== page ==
Home Make Over HFGH Style

13 years ago

HFGH Extreme Home Addition! Cheap plant shelving! $40 insulation package! We even cook in it! What more could you want?

Kathy and I are happy to share the story and results of finishing our first 6x8 HFGH with you.

Pictures are at this URL, but read the narrative first!!

After considerable false starts with Harbor Freight, which including stumbling upon a HF retail store 15 miles from us that had the 6x8 for $299 the day after we had ordered for $299 and payed $71 for shipping via the internet. One would think that after gathering your zip code, the phone operator would say "Gee we have a store around the corner from you that has these in stock". But no. Not that logical!

The local HF store was great. They had us call the internet people from the store and cancel the order. Despite HF-internet saying it would be 2-3 weeks, it had gotten on a truck the same day! That one arrived and was refused. A prompt refund came from HF HQ, with no deduction for the refused freight. The store then turned around and honored the 20% coupon which I found out about on Garden Web the day after placing the internet order! In fact it was the HF retail store manager who gave me the URL for this forum! Final price was $239. Everything in the box was in perfect shape. Despite the internet people saying there is only 1 vent window, ours came with 2!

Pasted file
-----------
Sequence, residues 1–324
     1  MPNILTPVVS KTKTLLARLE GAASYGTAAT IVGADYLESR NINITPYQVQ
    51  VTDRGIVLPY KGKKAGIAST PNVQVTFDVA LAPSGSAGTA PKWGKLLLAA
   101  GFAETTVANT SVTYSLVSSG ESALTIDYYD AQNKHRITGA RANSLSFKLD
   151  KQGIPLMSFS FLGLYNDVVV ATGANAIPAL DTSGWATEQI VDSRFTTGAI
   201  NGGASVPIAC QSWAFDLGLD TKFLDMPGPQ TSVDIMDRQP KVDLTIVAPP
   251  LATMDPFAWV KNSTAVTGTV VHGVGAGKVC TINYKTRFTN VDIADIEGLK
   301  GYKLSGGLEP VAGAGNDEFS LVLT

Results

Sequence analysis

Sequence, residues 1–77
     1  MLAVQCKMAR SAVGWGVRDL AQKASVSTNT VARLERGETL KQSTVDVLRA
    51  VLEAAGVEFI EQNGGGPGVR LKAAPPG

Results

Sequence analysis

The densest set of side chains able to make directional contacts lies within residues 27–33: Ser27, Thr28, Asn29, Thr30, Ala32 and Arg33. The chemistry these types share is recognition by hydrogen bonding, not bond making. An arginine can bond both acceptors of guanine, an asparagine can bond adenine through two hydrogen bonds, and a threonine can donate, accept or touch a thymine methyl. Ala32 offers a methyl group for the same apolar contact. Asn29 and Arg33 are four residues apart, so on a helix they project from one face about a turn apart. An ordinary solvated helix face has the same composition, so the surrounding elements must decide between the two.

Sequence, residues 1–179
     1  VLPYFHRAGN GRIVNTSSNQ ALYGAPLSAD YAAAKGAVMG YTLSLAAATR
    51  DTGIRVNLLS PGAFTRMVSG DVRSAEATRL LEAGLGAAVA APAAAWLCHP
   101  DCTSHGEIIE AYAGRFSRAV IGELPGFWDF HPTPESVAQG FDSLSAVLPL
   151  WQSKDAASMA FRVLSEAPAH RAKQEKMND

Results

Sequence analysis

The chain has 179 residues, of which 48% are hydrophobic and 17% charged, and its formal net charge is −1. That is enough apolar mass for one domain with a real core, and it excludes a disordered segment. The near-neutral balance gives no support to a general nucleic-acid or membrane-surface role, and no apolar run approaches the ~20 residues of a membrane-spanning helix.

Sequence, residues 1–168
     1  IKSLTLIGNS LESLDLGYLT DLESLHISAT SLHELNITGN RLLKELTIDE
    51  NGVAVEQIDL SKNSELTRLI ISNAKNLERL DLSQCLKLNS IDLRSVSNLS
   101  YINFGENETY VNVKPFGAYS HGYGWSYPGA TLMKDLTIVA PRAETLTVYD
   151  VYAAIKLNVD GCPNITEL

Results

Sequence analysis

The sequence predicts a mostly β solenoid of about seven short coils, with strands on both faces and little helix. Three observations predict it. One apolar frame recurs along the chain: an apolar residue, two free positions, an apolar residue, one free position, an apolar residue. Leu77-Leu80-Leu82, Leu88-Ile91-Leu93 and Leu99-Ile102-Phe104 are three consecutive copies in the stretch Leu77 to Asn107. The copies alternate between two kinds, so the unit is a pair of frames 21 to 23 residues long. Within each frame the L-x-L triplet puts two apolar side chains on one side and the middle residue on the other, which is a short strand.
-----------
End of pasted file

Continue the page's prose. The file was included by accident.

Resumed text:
We got our 6x8 HFGH in September. It was finished this week. Some tips, tricks and "finds" to share ....

After debating where to put it, we finally decided to do it as a permanent add-on to the house, on an attached deck, projecting out from the eve/soffit by means of a 2 foot insulated extension from the kitchen. As a result of our construction, which was far more involved than putting the HFGH in a garden setting, ours is rock solid. It will not move. It was a perfect decision that has already brought us a lot of happiness.

This may be a novel approach and something some of you may want to look at.

Like everyone else who has gone before, we got a huge amount of help from the GW forums and the several "reality check instructions" that folks have posted.

First I built a short insulated 10 inch knee wall under the HFGH to raise the peak to join our eve at 79". In making the base, we realized the dimensions in the instructions were not going to fit the base rails and made it square to 124 rather than the 123 inches. The corners and side walls went up reasonably easily. Instead of trying to raise the entire roof assembly over Kathy's 5'1" head, we built the rafters first and lowered the ridge beam in place. That was much easier than trying to balance a rickety 6x8 assembly 8 feet in the air.

The base is attached to our existing deck system. The 2 inch foam insulation and flooring system are shown on the photos.

The most frustrating part was the door and door slide. Getting the side rails laid out correctly and the cross members in and screwed down took 2 false starts as did correct arrangement of the door track assembly. But it can be done without causing a divorce. If I do another one (off the master bedroom) I will slide the glazing material in place on a panel by panel basis and caulk as the door goes together, not after it is up.

Instructions say roof panels should overlap the rain gutter. That is crazy. Ours fit exactly in the channels with 3/8 of trim taken off one short side, as is obvious they should. Flat and tight  not raised up at the gutter end. A huge air gap would result from that.